Transportation funding is a topic addressed each year by voters around the country. Among the issues included next month on local ballots stretching from the Carolinas to the Pacific Northwest are taxes to benefit roads and transit.
In Wake County, N.C., voters will decide on a half-cent sales tax referendum to help fund a new $2.3 billion regional transit plan.
The plan includes commuter trains between Raleigh, Research Triangle Park and Durham. The plan also expands bus service.
The new sales tax revenue would account for about $1 billion in the first decade. In addition to state and federal funds, the remaining $1.3 billion needed to cover the regional plan would be paid for through a $7 county vehicle registration fee, a $3 increase in the regional vehicle registration fee, an existing 5 percent vehicle rental tax, and farebox revenue.
Advocates say commuter rail service will provide relief from traffic congestion on Interstate 40 during peak travel times. Once transit is fully implemented in the area, they add that 70 percent of all jobs will be located within a half mile of a transit stop and bus service will expand to 19 hours daily.
Opponents say that taxpayers will be on the hook for far more than $2.3 billion, and for much longer than the 10 years that supporters claim. Critics say part of the problem is that there are plans to construct new commuter lines when there are existing lines available.
Detroit-area voters will have a ballot question to raise nearly $3 billion over the next 20 years to pay for work that includes a bus rapid transit system and a commuter rail line linking Detroit and Ann Arbor.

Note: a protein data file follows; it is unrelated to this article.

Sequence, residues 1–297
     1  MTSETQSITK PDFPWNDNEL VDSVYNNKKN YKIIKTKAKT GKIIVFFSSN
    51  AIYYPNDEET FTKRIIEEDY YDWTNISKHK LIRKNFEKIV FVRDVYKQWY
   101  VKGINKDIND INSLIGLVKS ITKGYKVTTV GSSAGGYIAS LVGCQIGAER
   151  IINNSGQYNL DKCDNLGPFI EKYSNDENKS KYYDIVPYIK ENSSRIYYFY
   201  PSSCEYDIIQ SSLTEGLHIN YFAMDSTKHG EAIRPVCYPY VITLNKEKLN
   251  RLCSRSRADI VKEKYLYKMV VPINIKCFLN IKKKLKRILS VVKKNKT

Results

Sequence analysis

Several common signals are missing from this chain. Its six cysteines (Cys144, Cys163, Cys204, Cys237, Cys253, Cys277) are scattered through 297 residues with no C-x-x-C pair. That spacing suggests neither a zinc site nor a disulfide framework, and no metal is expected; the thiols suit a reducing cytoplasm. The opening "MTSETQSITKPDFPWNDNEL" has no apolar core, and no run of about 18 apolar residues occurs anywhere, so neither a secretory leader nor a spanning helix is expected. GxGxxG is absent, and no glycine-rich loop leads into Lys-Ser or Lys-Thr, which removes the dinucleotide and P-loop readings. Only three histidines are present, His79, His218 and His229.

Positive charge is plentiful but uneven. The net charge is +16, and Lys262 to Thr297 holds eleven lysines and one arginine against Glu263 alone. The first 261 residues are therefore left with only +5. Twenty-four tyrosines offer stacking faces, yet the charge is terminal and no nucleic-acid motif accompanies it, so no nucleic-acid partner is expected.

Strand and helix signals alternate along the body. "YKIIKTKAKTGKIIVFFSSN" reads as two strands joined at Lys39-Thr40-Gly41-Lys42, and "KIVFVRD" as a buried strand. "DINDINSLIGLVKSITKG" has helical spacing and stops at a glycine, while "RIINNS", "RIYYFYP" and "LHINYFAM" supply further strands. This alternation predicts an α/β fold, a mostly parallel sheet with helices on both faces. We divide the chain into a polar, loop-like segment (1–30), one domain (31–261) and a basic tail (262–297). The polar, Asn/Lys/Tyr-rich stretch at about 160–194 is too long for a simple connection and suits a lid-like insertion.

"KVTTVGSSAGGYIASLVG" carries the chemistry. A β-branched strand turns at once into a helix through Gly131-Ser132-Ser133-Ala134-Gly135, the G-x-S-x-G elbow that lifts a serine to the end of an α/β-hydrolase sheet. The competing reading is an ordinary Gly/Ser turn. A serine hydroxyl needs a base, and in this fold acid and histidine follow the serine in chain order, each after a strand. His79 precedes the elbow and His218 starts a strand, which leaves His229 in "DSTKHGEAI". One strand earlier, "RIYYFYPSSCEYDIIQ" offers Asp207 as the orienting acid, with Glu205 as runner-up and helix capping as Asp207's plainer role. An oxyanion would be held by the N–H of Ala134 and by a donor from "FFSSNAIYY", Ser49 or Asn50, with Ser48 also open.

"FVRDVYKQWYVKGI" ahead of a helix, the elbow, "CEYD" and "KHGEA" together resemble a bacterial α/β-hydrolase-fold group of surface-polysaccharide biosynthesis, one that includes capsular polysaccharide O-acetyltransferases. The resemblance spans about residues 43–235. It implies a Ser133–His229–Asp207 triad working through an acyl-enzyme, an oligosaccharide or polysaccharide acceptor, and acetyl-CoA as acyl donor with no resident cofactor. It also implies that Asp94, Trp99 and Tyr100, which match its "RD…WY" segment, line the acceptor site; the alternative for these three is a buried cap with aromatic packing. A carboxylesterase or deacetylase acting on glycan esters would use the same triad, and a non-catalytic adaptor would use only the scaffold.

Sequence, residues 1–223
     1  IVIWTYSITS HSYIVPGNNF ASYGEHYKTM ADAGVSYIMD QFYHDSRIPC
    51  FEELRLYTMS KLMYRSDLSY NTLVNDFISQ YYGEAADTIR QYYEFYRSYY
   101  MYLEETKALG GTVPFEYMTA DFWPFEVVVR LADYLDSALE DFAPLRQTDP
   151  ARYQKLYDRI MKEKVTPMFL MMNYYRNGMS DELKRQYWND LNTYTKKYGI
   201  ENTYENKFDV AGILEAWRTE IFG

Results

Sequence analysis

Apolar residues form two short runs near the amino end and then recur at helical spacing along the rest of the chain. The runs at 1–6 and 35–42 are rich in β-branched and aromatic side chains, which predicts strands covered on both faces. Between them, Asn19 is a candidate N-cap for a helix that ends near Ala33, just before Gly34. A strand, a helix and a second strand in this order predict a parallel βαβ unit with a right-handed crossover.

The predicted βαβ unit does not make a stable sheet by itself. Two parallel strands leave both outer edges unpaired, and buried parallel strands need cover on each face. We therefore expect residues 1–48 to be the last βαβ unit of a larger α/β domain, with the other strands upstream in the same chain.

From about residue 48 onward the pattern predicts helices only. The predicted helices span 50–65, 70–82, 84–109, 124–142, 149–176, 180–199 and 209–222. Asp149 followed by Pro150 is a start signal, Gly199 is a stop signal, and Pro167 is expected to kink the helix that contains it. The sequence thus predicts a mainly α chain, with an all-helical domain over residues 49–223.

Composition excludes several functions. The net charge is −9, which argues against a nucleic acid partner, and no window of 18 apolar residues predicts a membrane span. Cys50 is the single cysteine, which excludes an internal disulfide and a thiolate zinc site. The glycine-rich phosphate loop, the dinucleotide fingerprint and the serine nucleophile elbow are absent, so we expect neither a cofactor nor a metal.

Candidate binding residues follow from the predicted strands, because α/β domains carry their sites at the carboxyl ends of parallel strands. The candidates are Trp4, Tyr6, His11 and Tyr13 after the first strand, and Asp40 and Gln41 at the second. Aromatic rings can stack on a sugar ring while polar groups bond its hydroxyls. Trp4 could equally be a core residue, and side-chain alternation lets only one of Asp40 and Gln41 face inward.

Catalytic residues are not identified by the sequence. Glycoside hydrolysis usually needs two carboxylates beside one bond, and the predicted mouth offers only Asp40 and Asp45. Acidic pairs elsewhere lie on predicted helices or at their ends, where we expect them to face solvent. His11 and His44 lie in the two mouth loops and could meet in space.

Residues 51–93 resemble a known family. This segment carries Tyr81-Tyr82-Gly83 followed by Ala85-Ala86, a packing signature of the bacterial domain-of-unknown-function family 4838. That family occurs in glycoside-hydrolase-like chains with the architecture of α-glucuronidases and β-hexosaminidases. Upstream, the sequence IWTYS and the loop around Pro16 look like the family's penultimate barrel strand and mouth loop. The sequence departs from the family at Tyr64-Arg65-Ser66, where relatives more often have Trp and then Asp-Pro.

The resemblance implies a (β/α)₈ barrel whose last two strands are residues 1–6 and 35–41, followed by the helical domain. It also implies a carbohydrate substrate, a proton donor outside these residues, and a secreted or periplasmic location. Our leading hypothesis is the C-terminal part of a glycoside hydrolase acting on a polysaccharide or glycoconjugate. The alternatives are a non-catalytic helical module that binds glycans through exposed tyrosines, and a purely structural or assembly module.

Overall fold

Voters in Oakland, Wayne, Macomb and Washtenaw counties will choose whether to add a 1.2-mill regional transit tax to get the projects going. The rate amounts to $1.20 per $1,000 of taxable valuation.
The mill rate is the rate at which property taxes are determined. Every person who owns real estate is required to pay property taxes.
The proposed tax could not be increased, renewed, or use for other purposes without voter approval. In addition, there is no county opt-out provision included with the ballot question.
The overall plan would produce $4.7 billion in revenue over the next two decades. Federal and state matching funds would account for about $1.7 billion.
In the Seattle area, voters will decide whether to support use of federal grants and multiple tax increases to benefit transit options.
Ballots in King, Snohomish and Pierce counties will include a proposition to raise $54 billion over 25 years to extend light rail and other services.
About half of the funding would come via a sales tax rate increase of one-half percent, a vehicle tax increase of 0.8 percent, and a property tax increase by 25 cents per $1,000 of assessed value. The rest of the money would come from existing Sound Transit financing, federal grants, bonds sales and fares.
Included in the package are plans to more than double the miles of light rail from 54 to 116 miles between Tacoma, Seattle, Everett and the Eastside. Bus rapid transit lines would also be included between Lynnwood and Burien along Interstate 405 and on Highway 522 from Woodinville to North Seattle.
Critics say the plan will not solve traffic congestion, and to make matters worse it will burden taxpayers with excessive increases. Instead, some say that self-driving vehicles are the future for commuters in the area.
Across country in Charleston County, S.C., voters will cast ballots on issues that include a referendum for a half-cent sales tax increase to fund road projects, mass transit and greenbelt projects.
The additional tax revenue would amount to $2.1 billion over 25 years. About $600 million would be earmarked for the Charleston Area Regional Transportation Authority.
For more 2016 election coverage from Land Line, click here.
Copyright © OOIDA